The Updated Honda Prelude Doesn’t Aim to be a Hardcore Sports Car—and that’s Acceptable

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By Car Brand Experts

At the recent Japan Mobility Show, the debut of the Honda Prelude Concept turned heads. While it exuded the expected elegance and allure of a new Prelude, several key specifics—such as details on the coupe’s hybrid powertrain and target markets—still remain undisclosed. Although concrete figures are premature, insights from Honda’s Chief Engineer Tomoyuki Yamagami have given us a clear glimpse into what to anticipate when the Prelude makes its return in the upcoming years. In essence, do not anticipate a racer.

“It won’t be the most sporty, high-powered vehicle to hit the tracks, that’s one thing,” Yamagami mentioned in an interview with the Australian publication CarsGuide. “This will serve as a preview to all of Honda’s upcoming electric vehicle launches.”

For those hoping for a direct competitor to models like the Toyota GR86 and Subaru BRZ duo, Mazda Miata, or Volkswagen GTI, this revelation may come as a letdown. Yet, the original Prelude never aimed to match those rivals. There is certainly a niche for a stylish, technologically advanced, enjoyable-to-drive, and luxurious “personal” coupe that offers daily excitement, even if it’s not tailored for track racing. Think of it as akin to the CR-Z, but with slightly more power. That’s the improvement the hybrid hatch really needed, after all.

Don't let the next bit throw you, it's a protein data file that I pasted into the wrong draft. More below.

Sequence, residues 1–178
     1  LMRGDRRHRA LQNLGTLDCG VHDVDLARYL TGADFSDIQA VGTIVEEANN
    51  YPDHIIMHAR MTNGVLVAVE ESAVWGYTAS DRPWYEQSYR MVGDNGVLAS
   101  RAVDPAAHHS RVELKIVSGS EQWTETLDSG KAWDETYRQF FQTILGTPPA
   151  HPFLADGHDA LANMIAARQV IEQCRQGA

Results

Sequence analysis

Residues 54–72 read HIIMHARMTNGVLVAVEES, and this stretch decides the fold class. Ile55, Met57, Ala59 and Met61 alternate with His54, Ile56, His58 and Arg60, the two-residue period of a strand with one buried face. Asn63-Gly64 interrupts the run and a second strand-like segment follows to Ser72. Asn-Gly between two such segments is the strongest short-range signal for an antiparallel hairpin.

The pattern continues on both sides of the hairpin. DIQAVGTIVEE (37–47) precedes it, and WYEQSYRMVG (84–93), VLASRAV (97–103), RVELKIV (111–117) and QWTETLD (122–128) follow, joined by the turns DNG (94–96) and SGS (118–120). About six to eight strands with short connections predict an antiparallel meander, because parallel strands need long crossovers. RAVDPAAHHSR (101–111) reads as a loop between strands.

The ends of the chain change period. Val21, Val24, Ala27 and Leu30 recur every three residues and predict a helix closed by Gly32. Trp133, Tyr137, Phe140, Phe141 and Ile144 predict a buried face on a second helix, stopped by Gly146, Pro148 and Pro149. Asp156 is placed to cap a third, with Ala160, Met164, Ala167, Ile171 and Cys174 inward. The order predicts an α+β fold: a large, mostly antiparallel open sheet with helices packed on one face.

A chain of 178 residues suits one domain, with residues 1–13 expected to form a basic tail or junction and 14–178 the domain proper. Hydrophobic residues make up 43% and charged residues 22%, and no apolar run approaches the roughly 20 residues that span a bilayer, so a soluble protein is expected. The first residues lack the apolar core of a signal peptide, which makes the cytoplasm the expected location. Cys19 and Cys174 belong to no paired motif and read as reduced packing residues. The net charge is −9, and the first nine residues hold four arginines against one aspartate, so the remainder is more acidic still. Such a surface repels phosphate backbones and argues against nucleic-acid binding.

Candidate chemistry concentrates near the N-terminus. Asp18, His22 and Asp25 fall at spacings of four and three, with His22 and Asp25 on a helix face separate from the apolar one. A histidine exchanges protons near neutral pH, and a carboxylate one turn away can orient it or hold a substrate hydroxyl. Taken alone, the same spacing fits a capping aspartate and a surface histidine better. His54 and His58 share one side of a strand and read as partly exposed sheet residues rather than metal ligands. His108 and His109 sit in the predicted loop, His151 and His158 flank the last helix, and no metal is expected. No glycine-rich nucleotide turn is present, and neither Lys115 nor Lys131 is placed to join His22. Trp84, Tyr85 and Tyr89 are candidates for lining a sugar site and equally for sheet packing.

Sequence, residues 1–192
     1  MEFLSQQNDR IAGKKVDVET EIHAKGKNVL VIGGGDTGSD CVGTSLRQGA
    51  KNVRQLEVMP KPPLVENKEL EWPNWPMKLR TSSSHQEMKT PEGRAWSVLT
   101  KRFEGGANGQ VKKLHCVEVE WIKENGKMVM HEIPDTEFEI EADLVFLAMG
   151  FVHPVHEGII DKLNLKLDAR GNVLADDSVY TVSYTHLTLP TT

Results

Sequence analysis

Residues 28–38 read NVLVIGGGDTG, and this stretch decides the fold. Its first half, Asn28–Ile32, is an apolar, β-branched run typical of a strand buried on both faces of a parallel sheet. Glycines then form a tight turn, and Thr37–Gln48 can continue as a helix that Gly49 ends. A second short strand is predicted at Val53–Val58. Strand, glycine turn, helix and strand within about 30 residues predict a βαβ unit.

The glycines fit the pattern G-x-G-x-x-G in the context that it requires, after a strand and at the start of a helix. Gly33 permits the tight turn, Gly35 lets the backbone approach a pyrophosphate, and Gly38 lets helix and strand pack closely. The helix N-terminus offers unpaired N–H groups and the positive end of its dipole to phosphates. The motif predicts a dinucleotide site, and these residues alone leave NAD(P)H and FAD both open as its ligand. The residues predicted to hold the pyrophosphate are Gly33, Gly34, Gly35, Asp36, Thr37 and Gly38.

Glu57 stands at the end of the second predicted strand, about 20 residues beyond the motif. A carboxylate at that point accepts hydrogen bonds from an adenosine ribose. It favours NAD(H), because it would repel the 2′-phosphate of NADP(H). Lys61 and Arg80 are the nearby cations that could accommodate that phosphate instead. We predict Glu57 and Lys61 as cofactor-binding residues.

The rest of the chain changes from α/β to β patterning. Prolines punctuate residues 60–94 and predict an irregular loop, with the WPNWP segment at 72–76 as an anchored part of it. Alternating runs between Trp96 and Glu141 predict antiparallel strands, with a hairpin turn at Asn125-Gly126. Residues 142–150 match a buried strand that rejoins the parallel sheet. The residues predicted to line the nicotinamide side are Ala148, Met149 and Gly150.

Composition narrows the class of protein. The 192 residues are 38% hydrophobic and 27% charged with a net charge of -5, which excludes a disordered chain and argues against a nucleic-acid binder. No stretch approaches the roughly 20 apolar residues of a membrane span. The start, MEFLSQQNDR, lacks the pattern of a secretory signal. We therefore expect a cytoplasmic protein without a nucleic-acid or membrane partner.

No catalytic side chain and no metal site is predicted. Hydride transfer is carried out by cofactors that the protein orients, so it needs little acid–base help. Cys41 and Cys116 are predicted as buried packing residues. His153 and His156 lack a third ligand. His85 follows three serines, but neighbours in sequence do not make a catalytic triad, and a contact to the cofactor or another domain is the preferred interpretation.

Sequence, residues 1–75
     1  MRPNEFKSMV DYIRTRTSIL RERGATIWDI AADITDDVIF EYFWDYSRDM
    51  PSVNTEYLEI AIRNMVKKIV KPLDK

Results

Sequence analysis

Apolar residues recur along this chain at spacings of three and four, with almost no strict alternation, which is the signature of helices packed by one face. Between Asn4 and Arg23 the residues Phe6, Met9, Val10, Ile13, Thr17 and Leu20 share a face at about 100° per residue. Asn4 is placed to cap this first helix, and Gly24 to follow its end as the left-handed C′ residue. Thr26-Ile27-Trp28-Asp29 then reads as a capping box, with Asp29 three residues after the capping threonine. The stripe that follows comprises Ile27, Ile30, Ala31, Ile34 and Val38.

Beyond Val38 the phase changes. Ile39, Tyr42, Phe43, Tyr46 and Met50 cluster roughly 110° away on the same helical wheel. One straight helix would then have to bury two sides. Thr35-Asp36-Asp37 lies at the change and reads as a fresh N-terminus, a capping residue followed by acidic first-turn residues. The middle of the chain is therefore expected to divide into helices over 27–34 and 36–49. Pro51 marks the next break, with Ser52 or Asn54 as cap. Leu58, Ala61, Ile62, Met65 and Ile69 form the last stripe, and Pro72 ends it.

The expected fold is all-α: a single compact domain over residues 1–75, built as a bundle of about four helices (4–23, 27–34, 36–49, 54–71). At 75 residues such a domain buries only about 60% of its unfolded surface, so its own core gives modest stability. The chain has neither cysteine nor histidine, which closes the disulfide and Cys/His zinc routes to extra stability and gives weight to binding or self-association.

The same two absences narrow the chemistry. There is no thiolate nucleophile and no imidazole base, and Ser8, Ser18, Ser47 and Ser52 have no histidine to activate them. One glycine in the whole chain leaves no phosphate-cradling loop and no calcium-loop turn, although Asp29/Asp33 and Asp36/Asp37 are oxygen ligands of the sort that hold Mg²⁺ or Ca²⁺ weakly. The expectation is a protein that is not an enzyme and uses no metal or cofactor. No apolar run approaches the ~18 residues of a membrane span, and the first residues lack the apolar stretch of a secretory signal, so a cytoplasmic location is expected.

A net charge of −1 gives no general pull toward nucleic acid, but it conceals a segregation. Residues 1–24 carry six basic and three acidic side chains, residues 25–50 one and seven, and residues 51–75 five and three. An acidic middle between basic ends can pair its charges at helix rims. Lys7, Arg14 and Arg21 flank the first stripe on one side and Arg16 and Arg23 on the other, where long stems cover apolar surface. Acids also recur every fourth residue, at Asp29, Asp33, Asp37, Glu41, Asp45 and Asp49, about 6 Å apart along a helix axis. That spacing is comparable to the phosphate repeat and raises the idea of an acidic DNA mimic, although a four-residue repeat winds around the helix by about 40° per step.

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Maddox Kay/The Drive

Yamagami also labeled the Prelude as a “global model,” indicating plans for both left-hand and right-hand-drive variants. This news should alleviate any worries that the automaker is solely focusing on markets outside of North America for this compact coupe.

On paper, the upcoming Prelude reminisces the 1990s era in a positive manner: a comfortable, if not aggressively sporty, two-door with appealing looks and hopefully a reasonable price tag. If this is a sneak peek of the electrified vehicles Honda is envisioning for the future, then the company is drawing inspiration from the right sources. Just please ensure it possesses sufficient power this time, Honda. The 204-horsepower two-liter four-cylinder engine combined with dual motors from the Accord Hybrid would suffice.

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